The New York Attorney General's settlement with taxi-hailing platform Uber - over alleged customer data privacy violations and a delayed data breach notification - provides a best practice security template for any organization that handles customer data.
While DDoS attacks were once deemed primarily a nuisance, experts now say they're becoming a routine strategy cybercriminals use as part of a campaign to commit fraud or extortion. What are the four key attack trends to watch out for in 2016?
After a data breach, how can organizations cooperate with law enforcement without increasing the likelihood they'll face civil lawsuits? By sticking to the basic facts, says T.C. Spencer Pryor, partner at the law firm Alston & Bird, in this video interview.
The Federal Trade Commission's latest cybersecurity-related enforcement action points to the need to carefully scrutinize the claims software companies make about the security functions of their products.
GovInfoSecurity announces its seventh annual list of top influencers - lawmakers, top government officials, practitioners and thought-leaders whose leadership has a substantial influence on government cybersecurity policy.
Reports on the Ukrainian energy supplier hack have left many crucial questions unanswered: Who was involved, did malware directly trigger a blackout and are other suppliers at risk from similar attacks? Cybersecurity experts offer potential answers.
A power blackout that recently affected about 1.4 million Ukrainians has been tied to an espionage Trojan called BlackEnergy. The attack appears to be the first time that hackers have successfully used malware to help disrupt energy-generation systems.
Fraudsters consistently work across different channels to defraud banking institutions. And now banks are getting smarter about converging those channels to fight fraud. Bill Sweeney of BAE Systems Applied Intelligence shares insights in this video interview.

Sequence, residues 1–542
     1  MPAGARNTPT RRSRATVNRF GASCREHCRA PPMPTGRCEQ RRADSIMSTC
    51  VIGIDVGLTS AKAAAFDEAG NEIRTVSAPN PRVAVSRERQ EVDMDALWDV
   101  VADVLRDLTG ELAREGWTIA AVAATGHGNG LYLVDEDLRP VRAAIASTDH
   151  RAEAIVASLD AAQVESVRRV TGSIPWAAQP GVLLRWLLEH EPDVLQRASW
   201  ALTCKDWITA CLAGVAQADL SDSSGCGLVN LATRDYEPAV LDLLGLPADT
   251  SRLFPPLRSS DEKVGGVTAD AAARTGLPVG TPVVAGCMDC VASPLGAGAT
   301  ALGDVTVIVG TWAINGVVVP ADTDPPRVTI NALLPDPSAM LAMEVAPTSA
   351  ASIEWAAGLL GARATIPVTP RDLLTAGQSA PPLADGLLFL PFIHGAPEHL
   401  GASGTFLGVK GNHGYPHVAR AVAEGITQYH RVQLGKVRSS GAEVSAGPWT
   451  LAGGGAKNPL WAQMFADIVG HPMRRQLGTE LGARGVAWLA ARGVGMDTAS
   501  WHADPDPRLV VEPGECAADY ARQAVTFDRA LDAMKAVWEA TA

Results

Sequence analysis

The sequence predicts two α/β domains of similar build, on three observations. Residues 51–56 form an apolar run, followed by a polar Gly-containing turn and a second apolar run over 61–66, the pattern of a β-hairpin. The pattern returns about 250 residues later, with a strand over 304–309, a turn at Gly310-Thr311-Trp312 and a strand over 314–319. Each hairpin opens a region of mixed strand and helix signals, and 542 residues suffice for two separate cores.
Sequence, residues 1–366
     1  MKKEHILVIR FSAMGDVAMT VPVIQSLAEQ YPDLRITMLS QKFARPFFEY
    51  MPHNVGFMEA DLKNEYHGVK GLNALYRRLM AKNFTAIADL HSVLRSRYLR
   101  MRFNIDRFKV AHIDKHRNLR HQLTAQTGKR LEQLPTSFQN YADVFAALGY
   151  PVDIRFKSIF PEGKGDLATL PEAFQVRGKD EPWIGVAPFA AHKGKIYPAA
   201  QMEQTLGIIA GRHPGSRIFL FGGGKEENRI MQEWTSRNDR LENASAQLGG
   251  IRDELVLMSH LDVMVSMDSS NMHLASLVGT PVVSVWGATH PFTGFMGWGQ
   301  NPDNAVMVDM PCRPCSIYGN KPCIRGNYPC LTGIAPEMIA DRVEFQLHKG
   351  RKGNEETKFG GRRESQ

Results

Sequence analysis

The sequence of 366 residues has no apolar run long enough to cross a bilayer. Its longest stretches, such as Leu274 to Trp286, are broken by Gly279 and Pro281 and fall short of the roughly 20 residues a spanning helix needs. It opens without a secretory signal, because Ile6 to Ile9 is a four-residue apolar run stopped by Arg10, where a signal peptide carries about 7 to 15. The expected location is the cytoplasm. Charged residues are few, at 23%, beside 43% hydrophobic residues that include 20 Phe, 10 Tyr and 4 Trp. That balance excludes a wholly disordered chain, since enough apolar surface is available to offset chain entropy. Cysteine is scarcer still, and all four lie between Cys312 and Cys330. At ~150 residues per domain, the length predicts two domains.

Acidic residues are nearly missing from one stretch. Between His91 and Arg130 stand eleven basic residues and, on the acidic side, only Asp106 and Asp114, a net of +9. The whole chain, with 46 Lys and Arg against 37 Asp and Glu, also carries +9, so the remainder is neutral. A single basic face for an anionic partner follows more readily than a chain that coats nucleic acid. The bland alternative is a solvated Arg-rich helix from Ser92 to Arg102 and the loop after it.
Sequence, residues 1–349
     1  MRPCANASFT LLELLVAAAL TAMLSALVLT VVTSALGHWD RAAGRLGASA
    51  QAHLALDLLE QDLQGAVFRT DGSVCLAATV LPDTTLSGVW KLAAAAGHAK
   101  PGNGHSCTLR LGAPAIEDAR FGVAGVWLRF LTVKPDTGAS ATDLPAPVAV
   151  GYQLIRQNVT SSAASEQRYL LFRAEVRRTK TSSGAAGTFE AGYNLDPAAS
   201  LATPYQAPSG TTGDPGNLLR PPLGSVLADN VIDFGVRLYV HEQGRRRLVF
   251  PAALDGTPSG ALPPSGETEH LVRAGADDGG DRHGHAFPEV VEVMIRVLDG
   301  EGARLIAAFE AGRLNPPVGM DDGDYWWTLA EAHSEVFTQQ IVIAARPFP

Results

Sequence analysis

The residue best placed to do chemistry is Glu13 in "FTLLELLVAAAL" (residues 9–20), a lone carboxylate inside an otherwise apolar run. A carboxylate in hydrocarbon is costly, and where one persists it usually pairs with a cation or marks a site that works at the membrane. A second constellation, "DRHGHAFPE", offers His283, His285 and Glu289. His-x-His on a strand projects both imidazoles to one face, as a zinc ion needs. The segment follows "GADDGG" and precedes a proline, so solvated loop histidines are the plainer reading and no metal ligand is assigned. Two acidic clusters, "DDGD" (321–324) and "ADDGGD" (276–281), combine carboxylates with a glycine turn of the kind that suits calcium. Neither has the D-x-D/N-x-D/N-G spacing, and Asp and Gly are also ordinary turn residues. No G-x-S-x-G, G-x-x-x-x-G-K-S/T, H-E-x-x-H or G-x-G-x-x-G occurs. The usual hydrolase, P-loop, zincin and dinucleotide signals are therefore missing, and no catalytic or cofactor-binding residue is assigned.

To minimize the risk of business email compromise schemes and similar types of fraud, senior executives at businesses should avoid posting information about their activities on social media and other accessible forums, says security expert Chuck Easttom.
Organizations that discover they're victims of business email compromise exploits should immediately contact law enforcement officials to report the attacks to improve the odds of finding the perpetrators, says Assistant U.S. Attorney Camelia Lopez in this video interview.
A security researcher claims he's found an Internet-connected "leaky database" that is storing voter registration records for 191 million Americans. But who's apparently been leaving the information exposed?
Banking and government institutions, and other organizations that employ Juniper Networks gear, are being actively targeted after the company warned that it discovered that someone added a backdoor to the firmware in 2012. Who's responsible?
The former Morgan Stanley financial adviser who in September pleaded guilty to stealing confidential customer information and saving it on his home server will not serve time in prison, even though some of that data was posted online.